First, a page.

Christ as Our Food Sustains Us in Life. For even as bodily food and drink not only refresh and strengthen our bodies, but also keeps them alive, so the flesh of Christ delivered for us, and his blood shed for us, not only refresh and strengthen our souls, but also preserve them alive, not in so far as they are corporeally eaten and drunken, but in so far as they are communicated unto us spiritually by the Spirit of God, as the Lord said: "The bread which I shall give for the life of the world is my flesh" (John 6:51), and "the flesh" (namely what is eaten bodily) "is of no avail; it is the spirit that gives life" (v. 63). And: "The words that I have spoken to you are spirit and life."
Christ Received by Faith. And as we must by eating receive food into our bodies in order that it may work in us, and prove its efficacy in us--since it profits us nothing when it remains outside us--so it is necessary that we receive Christ by faith, that he may become ours, and he may live in us and we in him. For he says: "I am the bread of life; he who comes to me shall not hunger, and he who believes in me shall never thirst" (John 6:35); and also, "He who eats me will live because of me . . . he abides in me, I in him" (vs. 57, 56).
Spiritual Food. From all this it is clear that by spiritual food we do not mean some imaginary food I know not what, but the very body of the Lord given to us, which nevertheless is received by the faithful not corporeally, but spiritually by faith. In this matter we follow the teaching of the Savior himself, Christ the Lord, according to John, ch. 6.
Eating Necessary for Salvation. And this eating of the flesh and drinking of the blood of the Lord is so necessary for salvation that without it no man can be saved. But this spiritual eating and drinking also occurs apart from the Supper of the Lord, and as often and wherever a man believes in Christ. To which that sentence of St. Augustine's perhaps applies: "Why do you provide for your teeth and your stomach? Believe, and you have eaten."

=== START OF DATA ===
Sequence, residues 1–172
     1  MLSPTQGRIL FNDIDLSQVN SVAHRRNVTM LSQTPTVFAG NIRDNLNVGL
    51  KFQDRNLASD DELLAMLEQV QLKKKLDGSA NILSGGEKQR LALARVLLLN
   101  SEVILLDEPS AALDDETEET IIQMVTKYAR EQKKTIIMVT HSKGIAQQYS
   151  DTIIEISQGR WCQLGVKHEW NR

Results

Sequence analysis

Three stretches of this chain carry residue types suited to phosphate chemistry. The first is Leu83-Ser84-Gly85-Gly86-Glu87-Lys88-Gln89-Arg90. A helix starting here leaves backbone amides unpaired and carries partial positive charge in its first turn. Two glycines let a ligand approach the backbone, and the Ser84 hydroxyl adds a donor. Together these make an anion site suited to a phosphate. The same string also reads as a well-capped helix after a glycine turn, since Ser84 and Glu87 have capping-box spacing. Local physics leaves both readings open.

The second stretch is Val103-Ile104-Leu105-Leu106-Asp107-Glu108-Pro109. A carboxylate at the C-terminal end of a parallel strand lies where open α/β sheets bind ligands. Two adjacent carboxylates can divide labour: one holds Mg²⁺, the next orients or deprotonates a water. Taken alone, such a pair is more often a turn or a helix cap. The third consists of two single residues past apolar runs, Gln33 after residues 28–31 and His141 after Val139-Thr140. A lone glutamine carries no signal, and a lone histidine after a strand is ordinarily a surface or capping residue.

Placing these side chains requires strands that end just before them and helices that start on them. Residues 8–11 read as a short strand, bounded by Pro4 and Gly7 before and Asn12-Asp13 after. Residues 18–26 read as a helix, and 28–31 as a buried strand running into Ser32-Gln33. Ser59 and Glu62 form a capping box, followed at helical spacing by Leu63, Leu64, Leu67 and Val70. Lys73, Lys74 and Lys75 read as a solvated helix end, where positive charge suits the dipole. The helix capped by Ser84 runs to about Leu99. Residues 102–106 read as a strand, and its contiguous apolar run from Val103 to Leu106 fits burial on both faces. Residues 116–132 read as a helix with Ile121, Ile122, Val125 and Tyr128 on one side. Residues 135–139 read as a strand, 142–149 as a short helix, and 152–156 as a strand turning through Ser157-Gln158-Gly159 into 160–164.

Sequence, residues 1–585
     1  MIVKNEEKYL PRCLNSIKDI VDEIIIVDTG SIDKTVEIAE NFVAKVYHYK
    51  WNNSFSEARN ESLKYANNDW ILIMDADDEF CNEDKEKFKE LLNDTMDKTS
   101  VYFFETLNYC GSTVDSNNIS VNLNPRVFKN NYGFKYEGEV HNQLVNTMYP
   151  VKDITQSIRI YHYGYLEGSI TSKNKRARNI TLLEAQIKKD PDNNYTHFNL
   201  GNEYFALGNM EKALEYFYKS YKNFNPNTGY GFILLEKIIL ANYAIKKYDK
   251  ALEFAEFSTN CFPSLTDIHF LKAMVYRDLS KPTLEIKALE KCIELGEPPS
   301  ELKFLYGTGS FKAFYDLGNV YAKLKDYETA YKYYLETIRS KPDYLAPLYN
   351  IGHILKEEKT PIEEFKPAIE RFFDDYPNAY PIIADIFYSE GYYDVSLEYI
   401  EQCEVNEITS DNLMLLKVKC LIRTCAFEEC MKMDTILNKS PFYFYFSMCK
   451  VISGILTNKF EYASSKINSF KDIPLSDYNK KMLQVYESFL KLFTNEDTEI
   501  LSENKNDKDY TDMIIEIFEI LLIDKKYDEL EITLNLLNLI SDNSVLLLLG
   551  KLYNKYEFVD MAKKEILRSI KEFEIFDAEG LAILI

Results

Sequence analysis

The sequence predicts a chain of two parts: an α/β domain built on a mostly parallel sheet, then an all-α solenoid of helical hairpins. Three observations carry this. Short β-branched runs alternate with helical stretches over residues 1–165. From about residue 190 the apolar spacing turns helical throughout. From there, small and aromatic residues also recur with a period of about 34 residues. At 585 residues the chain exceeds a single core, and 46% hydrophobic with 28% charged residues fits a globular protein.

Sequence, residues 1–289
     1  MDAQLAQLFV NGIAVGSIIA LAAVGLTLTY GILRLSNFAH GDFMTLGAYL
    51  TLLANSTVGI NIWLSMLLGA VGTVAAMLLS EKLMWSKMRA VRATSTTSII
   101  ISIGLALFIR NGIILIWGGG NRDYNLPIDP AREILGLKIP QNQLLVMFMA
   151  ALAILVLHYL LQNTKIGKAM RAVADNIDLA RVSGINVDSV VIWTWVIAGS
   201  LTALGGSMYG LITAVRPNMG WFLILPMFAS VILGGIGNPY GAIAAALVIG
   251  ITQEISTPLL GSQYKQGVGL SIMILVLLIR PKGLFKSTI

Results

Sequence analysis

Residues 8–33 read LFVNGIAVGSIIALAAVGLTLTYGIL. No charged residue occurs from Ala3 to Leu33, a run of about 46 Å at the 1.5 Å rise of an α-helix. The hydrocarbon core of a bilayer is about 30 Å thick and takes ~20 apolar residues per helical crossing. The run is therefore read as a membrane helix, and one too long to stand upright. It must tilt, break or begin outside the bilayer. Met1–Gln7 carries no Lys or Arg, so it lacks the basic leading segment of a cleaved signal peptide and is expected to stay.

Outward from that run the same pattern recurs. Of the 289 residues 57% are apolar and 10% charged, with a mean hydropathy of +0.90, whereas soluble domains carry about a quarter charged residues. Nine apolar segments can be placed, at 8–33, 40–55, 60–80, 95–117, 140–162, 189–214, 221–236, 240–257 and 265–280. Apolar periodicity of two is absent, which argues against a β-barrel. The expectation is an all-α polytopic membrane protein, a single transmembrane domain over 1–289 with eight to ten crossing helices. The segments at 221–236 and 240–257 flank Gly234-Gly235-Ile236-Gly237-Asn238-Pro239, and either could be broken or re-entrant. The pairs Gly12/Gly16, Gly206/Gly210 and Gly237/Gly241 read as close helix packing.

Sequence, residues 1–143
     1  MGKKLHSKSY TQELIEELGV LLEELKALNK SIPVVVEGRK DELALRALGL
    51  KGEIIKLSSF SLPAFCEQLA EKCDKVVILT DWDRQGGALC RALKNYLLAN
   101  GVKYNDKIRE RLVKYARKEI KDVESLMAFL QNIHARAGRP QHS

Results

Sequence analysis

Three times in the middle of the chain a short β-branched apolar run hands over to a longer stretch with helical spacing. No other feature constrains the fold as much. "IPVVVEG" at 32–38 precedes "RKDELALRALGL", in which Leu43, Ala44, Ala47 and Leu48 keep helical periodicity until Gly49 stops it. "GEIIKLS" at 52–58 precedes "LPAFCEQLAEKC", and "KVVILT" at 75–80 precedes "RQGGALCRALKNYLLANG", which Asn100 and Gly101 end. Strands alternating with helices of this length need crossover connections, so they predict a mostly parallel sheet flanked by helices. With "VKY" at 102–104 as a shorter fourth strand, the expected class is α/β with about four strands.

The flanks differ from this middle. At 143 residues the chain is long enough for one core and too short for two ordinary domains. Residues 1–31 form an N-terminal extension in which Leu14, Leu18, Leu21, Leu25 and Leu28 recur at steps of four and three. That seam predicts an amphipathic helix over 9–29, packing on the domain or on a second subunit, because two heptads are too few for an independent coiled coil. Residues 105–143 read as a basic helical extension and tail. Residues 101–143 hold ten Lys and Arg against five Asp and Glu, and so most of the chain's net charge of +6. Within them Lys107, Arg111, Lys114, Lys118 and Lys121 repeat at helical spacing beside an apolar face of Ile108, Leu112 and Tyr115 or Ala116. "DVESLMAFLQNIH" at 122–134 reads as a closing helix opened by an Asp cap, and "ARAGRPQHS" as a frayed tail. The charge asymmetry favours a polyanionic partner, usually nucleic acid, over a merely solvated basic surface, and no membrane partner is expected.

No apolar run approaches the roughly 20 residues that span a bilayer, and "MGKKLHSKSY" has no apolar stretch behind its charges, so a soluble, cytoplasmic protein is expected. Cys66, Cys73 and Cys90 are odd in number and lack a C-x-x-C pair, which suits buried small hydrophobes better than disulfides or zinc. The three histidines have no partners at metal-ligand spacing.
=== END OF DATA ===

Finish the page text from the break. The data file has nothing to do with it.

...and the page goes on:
Sacramental Eating of the Lord. Besides the higher spiritual eating there is also a sacramental eating of the body of the Lord by which not only spiritually and internally the believer truly participates in the true body and blood of the Lord, but also, by coming to the Table of the Lord, outwardly receives the visible sacrament of the body and blood of the Lord. To be sure, when the believer believed, he first received the life-giving food, and still enjoys it. But therefore, when he now receives the sacrament, he does not receive nothing. For he progresses in continuing to communicate in the body and blood of the Lord, and so his faith is kindled and grows more and more, and is refreshed by spiritual food. For while we live, faith is continually increased. And he who outwardly receives the sacrament by true faith, not only receives the sign, but also, as we said, enjoys the thing itself. Moreover, he obeys the Lord's institution and commandment, and with a joyful mind gives thanks for his redemption and that of all mankind, and makes a faithful memorial to the Lord's death, and gives a witness before the Church, of whose body he is a member. Assurance is also given to those who receive the sacrament that the body of the Lord was given and his blood shed, not only for men in general, but particularly for every faithful communicant, to whom it is food and drink unto eternal life.
Unbelievers Take the Sacrament to Their Judgment. But he who comes to this sacred Table of the Lord without faith, communicates only in the sacrament and does not receive the substance of the sacrament whence comes life and salvation; and such men unworthily eat of the Lord's Table. Whoever eats the bread or drinks the cup of the Lord in an unworthy manner will be guilty of the body and blood of the Lord, and eats and drinks judgment upon himself (I Cor. 11:26-29). For when they do not approach with true faith, they dishonor the death of Christ, and therefore eat and drink condemnation to themselves.